This webinar is sponsored by Emond Harnden LLP.
As the pandemic continues to change the way in which companies and their employees work, employers are facing new sets of questions and challenges.
To help local business owners understand the key issues around remote work, returning to the office and temporary layoffs, OBJ and sponsor Emond Harnden LLP recently teamed up to explore the rules employers need to know to successfully manage their workforce through a pandemic.
This is an edited transcript of a discussion between Jock Climie, partner at Emond Harnden LLP and OBJ publisher Michael Curran. To hear the full interview, please watch the video above. Prefer an audio version of this podcast? Listen to it on SoundCloud or Spotify.
CURRAN: Can employers require employees to return to the office?
CLIMIE: You are entitled to have your employees come into work unless there is a statutory, contractual or policy reason that says you can’t. Employers need to keep in mind that an employee can’t say “We’re in a pandemic, I don’t want to come back to work, you need to pay me to sit at home.” That’s not how it works, and we have a lot of employers struggling to respond to employees in this situation. There are tools at your disposal to ensure your business runs smoothly and it's important to educate yourself on what you can and cannot do because if you take a wrong step you could be exposing yourself to quite a bit of liability.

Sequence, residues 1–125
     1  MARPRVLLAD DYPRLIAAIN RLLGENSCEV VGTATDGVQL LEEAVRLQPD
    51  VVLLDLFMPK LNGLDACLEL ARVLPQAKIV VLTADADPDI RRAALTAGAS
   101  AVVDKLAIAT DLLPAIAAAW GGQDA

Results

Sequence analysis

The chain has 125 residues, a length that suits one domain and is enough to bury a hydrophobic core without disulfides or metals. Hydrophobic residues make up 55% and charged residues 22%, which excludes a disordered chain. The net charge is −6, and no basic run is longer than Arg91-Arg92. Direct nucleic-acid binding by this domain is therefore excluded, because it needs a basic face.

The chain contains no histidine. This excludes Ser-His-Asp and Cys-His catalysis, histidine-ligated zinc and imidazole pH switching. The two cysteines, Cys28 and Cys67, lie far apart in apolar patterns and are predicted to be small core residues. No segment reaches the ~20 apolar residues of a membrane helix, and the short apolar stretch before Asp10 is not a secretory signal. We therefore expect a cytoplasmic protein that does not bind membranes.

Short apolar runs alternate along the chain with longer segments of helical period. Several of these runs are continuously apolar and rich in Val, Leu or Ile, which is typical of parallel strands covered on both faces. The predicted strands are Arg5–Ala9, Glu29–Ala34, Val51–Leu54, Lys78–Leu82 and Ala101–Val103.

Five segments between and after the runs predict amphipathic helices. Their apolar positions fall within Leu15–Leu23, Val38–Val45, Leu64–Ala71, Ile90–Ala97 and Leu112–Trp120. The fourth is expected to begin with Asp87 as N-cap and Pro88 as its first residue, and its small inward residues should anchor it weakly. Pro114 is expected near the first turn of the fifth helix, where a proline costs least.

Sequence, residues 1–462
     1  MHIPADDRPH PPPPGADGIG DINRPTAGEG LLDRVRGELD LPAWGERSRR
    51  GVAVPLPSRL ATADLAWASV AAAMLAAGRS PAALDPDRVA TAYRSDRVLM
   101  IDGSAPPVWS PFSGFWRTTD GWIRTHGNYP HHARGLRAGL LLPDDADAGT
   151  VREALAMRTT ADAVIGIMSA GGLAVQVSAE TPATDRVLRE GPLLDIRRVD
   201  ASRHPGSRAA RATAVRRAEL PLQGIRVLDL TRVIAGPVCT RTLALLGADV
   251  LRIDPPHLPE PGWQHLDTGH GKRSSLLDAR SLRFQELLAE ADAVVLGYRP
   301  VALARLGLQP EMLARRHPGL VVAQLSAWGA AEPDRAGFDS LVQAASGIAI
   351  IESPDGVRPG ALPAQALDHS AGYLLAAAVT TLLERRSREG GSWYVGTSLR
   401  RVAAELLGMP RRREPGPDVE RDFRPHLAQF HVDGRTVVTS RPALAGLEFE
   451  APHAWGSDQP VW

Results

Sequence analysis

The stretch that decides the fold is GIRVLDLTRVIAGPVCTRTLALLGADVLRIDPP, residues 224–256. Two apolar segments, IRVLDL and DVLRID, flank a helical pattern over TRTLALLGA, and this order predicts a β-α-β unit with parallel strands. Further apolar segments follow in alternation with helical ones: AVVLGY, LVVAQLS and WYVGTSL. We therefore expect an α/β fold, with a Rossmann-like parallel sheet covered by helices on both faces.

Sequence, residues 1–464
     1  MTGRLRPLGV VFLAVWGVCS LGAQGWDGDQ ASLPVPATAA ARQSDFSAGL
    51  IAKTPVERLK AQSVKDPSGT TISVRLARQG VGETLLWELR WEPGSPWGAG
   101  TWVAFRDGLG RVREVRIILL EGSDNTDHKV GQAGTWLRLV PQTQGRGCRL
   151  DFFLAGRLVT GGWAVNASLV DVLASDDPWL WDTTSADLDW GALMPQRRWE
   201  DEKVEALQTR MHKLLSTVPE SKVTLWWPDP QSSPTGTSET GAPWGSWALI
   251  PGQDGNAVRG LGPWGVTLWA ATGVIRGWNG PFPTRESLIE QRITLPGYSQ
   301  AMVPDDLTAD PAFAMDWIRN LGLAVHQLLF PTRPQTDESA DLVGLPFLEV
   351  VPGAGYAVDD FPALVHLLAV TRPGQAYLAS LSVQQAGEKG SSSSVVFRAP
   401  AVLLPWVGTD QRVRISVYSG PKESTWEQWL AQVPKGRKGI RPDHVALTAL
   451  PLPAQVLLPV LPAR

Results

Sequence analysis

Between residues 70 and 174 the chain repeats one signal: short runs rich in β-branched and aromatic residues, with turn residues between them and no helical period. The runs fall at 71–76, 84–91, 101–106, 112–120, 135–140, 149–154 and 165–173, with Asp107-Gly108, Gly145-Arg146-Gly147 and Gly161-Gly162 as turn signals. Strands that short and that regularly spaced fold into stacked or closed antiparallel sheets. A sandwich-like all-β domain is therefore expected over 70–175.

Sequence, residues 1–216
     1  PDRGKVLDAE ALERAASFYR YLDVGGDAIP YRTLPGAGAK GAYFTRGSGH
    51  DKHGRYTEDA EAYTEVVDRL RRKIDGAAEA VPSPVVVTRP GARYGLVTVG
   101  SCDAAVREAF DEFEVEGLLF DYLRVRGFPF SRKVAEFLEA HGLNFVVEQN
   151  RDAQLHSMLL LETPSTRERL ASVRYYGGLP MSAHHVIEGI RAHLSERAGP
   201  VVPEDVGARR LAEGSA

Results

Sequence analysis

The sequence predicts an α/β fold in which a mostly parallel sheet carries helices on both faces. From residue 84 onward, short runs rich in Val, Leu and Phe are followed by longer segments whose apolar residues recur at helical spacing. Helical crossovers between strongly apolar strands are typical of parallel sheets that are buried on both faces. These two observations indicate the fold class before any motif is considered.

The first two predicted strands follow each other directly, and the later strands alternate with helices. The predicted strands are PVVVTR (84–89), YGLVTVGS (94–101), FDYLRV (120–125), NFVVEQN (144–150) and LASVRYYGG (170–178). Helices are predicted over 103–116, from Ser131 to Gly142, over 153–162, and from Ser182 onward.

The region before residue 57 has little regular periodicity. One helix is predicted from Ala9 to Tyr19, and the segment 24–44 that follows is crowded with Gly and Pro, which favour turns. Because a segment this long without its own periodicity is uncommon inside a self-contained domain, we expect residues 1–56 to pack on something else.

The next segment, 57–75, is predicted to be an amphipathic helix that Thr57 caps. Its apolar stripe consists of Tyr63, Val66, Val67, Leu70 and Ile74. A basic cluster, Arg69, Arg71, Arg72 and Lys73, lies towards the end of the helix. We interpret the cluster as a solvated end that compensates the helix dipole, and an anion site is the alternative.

CURRAN: What should employers think about from a legal perspective when we talk about “work from anywhere?”
CLIMIE: There are very good reasons employers should be implementing policies around working from home. Let’s not have any surprises and ensure everyone is on the same page about what’s expected of them. Employers should also be very cognizant of where their employees are working from. They need to consider: Do you need this employee to come into the office on a whim? Do they have the proper equipment to get the job done? What are you doing to ensure their work situation is safe and appropriate? Employers need to be aware of the rules and regulations that apply when employees cross borders to work.
CURRAN: What do employers need to know about temporary layoffs?
CLIMIE: I urge employers to sit down and talk to employees before they jump immediately to the idea of temporary layoffs. If you can, experiment with work sharing, pay cuts and reduced hours. If those don’t work, employers do have the option to furlough employees until there is enough work for them. One thing to keep in mind however is there is a difference between sending someone home for 13 weeks versus 35 weeks. Employers need to be aware of when it moves from temporary to a permanent layoff and what that means for both them and the employee in question.